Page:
While state legislators seem to be realizing the issue but not always hitting the target, it is in the federal standards that Americans are most vulnerable. As mentioned, currently no federal standard definition or legal framework for revenge porn exists. Because of the issue’s amorphous and disputable nature, coming to a nationwide consensus has proven quite difficult, allowing individual states to come to their own legal standards. This avenue is acceptable, but only until cases where a single geographic location is untraceable. Blog forums and revenge porn platform sites present this issue because they are available to users nationwide, not to mention globally. When a victim’s intimate data lands on one of these platforms with often-anonymous posters, where can the victim turn for justice? The answer is not simply a suit against the website host, which will be discussed further in the third case study of this paper. Lack of federal standards is becoming a dire problem for these victims as the practice becomes more common.

Two legal gaps brought to the fore by Citron and Franks stand out among the multitude of standards gaps evident in criminal statutes used to charge perpetrators. First, revenge porn legislation must include a component addressing harassment, however, “criminal harassment and stalking laws only apply to defendants who engage in repeated harassing acts” (Citron & Franks 2014). Many of these components address that emotional harm must be a result of continued harassment, but nearly every instance of revenge porn examples will show that just one post, distributed online to the masses, causes emotional distress. Nevertheless, the law concludes that one act is permissible and not considered legal harassment.

The second major gap lies in whom the harassment is directed toward. Most revenge porn law states that abuse must be directed toward the victim, however, most case of revenge porn include the dissemination of intimate data to the masses for embarrassment purposes rather than directed toward the victim (Citron & Franks 2014). This gap speaks directly to the issue that the legal standard is not in fully understanding of the concept of the practice. This gap will manifest itself in the second case study of this paper detailing the New York man acquitted due to “insubstantial evidence” (Yaniv 2014).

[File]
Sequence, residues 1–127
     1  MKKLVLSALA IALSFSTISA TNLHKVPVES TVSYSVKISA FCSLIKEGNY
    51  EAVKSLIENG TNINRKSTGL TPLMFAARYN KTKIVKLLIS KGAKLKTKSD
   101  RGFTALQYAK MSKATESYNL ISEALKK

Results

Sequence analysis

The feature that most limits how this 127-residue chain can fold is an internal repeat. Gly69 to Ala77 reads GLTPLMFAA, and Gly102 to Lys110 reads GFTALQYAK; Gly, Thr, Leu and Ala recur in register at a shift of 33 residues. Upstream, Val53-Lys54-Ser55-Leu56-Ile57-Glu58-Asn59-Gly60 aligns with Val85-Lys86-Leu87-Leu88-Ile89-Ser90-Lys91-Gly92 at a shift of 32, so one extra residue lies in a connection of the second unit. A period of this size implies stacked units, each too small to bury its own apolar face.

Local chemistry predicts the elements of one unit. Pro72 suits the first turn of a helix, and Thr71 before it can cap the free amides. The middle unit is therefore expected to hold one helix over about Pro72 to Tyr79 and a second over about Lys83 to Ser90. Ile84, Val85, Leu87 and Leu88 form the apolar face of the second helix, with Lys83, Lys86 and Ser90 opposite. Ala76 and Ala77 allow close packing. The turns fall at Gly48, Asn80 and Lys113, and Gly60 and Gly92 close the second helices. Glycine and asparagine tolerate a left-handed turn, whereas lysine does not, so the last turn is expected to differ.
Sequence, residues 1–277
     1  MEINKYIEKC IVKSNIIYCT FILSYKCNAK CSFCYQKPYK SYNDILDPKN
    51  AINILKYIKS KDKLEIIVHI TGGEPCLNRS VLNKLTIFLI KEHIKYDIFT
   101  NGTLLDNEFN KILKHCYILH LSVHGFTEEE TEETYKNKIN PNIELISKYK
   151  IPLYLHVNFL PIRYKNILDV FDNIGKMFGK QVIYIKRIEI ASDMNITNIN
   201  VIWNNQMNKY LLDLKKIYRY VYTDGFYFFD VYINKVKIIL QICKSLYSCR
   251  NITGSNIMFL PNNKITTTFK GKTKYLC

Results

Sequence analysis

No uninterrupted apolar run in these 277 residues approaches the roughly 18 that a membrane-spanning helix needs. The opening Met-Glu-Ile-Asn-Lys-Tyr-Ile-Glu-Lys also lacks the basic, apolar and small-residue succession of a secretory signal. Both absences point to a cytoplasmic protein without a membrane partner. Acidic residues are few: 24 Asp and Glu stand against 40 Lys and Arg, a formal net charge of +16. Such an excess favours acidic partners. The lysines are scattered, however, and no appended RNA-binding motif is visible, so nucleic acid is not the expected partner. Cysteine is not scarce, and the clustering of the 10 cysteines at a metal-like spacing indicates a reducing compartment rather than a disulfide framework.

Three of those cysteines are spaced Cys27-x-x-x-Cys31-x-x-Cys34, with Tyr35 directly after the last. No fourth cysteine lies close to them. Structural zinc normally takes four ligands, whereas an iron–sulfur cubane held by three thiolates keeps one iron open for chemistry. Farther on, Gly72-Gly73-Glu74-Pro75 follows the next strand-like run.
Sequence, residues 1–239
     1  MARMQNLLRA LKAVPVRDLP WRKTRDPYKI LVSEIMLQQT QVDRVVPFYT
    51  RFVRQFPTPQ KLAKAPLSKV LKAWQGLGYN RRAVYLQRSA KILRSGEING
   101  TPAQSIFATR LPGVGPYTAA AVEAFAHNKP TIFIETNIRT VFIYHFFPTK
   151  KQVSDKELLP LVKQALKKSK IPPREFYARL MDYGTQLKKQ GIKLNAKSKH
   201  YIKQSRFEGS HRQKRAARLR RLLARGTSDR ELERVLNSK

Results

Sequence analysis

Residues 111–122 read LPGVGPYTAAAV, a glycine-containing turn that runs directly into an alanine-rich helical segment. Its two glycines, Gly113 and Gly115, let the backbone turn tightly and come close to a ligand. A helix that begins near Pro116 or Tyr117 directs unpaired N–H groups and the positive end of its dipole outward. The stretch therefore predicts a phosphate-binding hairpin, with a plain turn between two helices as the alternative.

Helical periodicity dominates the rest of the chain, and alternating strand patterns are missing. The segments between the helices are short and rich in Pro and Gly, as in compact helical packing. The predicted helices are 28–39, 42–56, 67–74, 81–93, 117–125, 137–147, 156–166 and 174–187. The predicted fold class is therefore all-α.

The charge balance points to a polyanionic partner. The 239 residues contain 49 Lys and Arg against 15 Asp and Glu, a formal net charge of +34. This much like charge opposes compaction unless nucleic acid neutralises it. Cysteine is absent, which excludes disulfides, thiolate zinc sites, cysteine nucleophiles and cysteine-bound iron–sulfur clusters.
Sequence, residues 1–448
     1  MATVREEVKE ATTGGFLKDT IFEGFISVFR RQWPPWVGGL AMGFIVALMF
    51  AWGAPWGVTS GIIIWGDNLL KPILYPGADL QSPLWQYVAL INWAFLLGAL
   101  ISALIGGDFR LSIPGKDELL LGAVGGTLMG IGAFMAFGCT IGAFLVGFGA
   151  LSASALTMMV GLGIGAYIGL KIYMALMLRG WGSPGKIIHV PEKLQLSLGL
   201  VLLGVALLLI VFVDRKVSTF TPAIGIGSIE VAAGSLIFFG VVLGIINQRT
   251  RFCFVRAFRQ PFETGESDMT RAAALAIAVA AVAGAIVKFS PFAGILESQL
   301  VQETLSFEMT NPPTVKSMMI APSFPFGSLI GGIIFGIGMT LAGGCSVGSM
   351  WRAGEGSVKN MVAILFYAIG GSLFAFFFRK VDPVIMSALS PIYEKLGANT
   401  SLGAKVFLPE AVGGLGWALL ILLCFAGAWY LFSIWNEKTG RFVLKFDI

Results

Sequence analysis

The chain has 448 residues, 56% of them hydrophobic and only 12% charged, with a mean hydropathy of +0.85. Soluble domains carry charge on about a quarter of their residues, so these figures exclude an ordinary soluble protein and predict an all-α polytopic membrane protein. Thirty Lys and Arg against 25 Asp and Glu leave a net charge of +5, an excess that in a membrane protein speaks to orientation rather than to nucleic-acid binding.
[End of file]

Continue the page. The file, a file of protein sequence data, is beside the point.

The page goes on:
Lawmakers have several avenues available to close the gaps in policy, but one must consider an alternate framework from the “one silver bullet” approach the majority of US legal standards take (Thierer 2013). As technology advances, so too should our approach at protecting individuals in the tumultuous and often muddy environment. Franks and the CCRI have developed a robust recommended legal framework and have actually advised many states in drafting their own revenge porn policies. Among the most important points on their recommended standards for revenge porn policy are “clearly set out elements of the offense,” a very explicit list of what are the exceptions, and a deliberate focus on not confusing intent with motive (Franks 2014).
Another – admittedly abstract – attempt at reshaping the revenge porn landscape includes the concept of modularity as applied to law. As mentioned earlier, the silver bullet approach is useful in clearer applications of the law. Revenge porn does not fall into that category. A modular approach, in the legal sense of the technological concept described by Brian Arthur, means taking different elements of the law and combining them as seen fit for each individual case, but still placing them under an umbrella charge of revenge porn creation or distribution (Arthur 2009). To give this approach more context, say a perpetrator finds a nude photo in his ex-girlfriend’s property, creates a tweet and sends the nude image to his Twitter followers with the intent to cause her emotional distress. He could be charged with one count each of revenge porn creation and revenge porn distribution, modular charges that would incorporate the different levels of revenge porn activities and motivations with the elements of his crime. Under creation, he is guilty of nonconsensual use of pornography, copyright infringement and possession of stolen property. Under distribution, many of these same actions also apply, but his motivations could include the motive to cause emotional distress and potentially slander, but not monetary gain for copyright or stolen material. Clearly this approach needs further refinement, but it could present a new way in which many types of technology or privacy crimes are approached, eliminating the archaic one-application, silver bullet approach.

Part II

As revenge porn becomes a more recognized form of harassment and online victimization, several activist groups and notable individuals have sprung to take action in changing legislation. The aforementioned CCRI and its proposed legislative framework along with celebrity pressure like that of “Celebgate” victim Jennifer Lawrence have forced state lawmakers to take a serious look at revenge porn standard reforms. As of now, just 12 states have passed legislation specifically aimed at revenge porn, but many others appear to be soon to follow.